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1-min read

Extinction Warning for Australia's Truffle-eating 'Rat Kangaroo'

The World Wildlife Fund said only two populations of the northern bettong remained in the wet coastal tropics of northern Queensland state, numbering at most 2,500 individuals, down 70 percent in the past 30 years.

AFP

Updated:December 6, 2018, 4:51 PM IST
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Extinction Warning for Australia's Truffle-eating 'Rat Kangaroo'
The nocturnal, rabbit-sized bettongs are at risk from feral cats, land-clearing and wildfires, which have become more frequent and fierce in Queensland due to climate change. (Image: World Wildlife Fund)
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Sydney: A truffle-eating Australian marsupial known as the rat kangaroo has suffered a dramatic population decline and could become extinct without urgent action to save the species, a report warned Thursday.

The World Wildlife Fund said only two populations of the northern bettong remained in the wet coastal tropics of northern Queensland state, numbering at most 2,500 individuals, down 70 percent in the past 30 years.

The nocturnal, rabbit-sized bettongs are at risk from feral cats, land-clearing and wildfires, which have become more frequent and fierce in Queensland due to climate change.

"We know particularly with climate change a massive wildfire could be just around the corner," said Tim Cronin, WWF's senior manager for species conservation in Australia.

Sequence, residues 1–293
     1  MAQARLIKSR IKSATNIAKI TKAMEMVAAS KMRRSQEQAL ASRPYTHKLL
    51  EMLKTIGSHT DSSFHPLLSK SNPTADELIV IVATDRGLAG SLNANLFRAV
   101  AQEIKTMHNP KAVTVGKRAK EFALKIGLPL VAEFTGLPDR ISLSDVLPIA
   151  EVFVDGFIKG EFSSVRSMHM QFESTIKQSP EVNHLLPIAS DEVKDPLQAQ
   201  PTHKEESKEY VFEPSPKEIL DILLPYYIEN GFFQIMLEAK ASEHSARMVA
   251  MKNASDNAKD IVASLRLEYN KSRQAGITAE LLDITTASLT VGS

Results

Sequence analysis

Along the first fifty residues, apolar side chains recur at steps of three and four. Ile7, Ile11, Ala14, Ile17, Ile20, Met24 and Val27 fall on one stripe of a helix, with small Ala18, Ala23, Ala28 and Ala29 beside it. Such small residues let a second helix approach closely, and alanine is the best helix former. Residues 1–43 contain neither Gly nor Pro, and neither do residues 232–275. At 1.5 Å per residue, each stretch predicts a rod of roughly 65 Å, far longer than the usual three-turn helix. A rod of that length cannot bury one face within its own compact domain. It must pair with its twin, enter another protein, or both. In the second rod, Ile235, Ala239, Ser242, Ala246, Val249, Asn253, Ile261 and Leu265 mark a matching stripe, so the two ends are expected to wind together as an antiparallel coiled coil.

"Any situation where you have one population isolated and that's all you have in the wild, it puts you at a really high risk."

Cronin said it was critical to establish an "insurance population" of the northern bettong, protected from pests and fire, and consider raising the species' status from "endangered" to "critically endangered".

"It's not too late for the northern bettong, but our window of opportunity for action is closing fast," he said.

The northern bettong is one of the main animals which eat truffles, dispersing truffle spores across its habitat and maintaining a delicate ecological balance.

"It plays a really unique role in maintaining ecological function in the vegetation. So if we lose it — and other species like it — we could be looking at ecological collapse," Cronin said.​

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| Edited by: Ahona Sengupta
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